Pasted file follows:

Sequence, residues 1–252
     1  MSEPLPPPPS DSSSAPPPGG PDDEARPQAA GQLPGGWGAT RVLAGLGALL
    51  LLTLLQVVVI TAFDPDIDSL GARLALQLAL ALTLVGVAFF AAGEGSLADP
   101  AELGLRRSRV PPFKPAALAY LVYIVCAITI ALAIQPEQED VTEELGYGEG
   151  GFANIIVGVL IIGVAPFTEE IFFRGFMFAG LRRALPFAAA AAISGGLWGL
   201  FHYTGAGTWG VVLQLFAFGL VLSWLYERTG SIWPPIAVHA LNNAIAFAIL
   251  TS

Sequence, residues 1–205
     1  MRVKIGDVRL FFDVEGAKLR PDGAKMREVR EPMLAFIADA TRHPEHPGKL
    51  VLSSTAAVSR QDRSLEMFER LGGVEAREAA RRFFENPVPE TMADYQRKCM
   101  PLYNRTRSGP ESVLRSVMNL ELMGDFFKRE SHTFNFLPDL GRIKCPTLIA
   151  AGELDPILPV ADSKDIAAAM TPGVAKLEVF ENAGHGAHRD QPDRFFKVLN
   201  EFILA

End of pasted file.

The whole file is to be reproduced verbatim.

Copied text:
Sequence, residues 1–252
     1  MSEPLPPPPS DSSSAPPPGG PDDEARPQAA GQLPGGWGAT RVLAGLGALL
    51  LLTLLQVVVI TAFDPDIDSL GARLALQLAL ALTLVGVAFF AAGEGSLADP
   101  AELGLRRSRV PPFKPAALAY LVYIVCAITI ALAIQPEQED VTEELGYGEG
   151  GFANIIVGVL IIGVAPFTEE IFFRGFMFAG LRRALPFAAA AAISGGLWGL
   201  FHYTGAGTWG VVLQLFAFGL VLSWLYERTG SIWPPIAVHA LNNAIAFAIL
   251  TS

Sequence, residues 1–205
     1  MRVKIGDVRL FFDVEGAKLR PDGAKMREVR EPMLAFIADA TRHPEHPGKL
    51  VLSSTAAVSR QDRSLEMFER LGGVEAREAA RRFFENPVPE TMADYQRKCM
   101  PLYNRTRSGP ESVLRSVMNL ELMGDFFKRE SHTFNFLPDL GRIKCPTLIA
   151  AGELDPILPV ADSKDIAAAM TPGVAKLEVF ENAGHGAHRD QPDRFFKVLN
   201  EFILA